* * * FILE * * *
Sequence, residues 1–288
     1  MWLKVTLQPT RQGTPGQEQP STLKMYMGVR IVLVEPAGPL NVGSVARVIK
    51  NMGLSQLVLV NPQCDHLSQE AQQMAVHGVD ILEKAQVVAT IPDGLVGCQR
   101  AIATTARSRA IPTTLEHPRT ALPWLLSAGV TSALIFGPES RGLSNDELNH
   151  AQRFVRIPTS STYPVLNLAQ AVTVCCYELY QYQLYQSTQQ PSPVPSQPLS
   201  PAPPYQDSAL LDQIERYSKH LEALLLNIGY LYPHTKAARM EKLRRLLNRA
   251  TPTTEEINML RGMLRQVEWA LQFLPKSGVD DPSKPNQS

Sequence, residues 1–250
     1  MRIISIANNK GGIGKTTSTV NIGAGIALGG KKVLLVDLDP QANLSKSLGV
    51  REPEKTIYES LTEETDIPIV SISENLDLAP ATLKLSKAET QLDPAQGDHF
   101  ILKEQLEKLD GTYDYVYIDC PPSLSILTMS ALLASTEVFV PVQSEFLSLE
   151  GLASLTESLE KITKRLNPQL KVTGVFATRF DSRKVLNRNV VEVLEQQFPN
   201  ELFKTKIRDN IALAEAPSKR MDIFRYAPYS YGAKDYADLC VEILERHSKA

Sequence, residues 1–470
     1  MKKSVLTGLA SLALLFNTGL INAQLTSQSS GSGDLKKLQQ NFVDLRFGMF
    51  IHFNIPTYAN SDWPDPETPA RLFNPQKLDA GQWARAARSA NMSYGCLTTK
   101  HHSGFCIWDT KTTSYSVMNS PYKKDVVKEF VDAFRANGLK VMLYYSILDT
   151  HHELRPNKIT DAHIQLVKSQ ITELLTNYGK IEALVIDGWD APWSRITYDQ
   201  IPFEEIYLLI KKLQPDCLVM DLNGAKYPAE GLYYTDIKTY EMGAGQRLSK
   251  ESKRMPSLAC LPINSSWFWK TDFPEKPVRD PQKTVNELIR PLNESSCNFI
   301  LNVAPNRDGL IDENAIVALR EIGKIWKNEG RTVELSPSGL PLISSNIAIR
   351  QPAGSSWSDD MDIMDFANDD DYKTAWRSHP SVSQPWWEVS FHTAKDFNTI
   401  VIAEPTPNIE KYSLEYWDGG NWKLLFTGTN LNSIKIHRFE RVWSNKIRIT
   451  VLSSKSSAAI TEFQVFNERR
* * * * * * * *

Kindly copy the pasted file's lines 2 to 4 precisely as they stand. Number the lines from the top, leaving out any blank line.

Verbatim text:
     1  MWLKVTLQPT RQGTPGQEQP STLKMYMGVR IVLVEPAGPL NVGSVARVIK
    51  NMGLSQLVLV NPQCDHLSQE AQQMAVHGVD ILEKAQVVAT IPDGLVGCQR
   101  AIATTARSRA IPTTLEHPRT ALPWLLSAGV TSALIFGPES RGLSNDELNH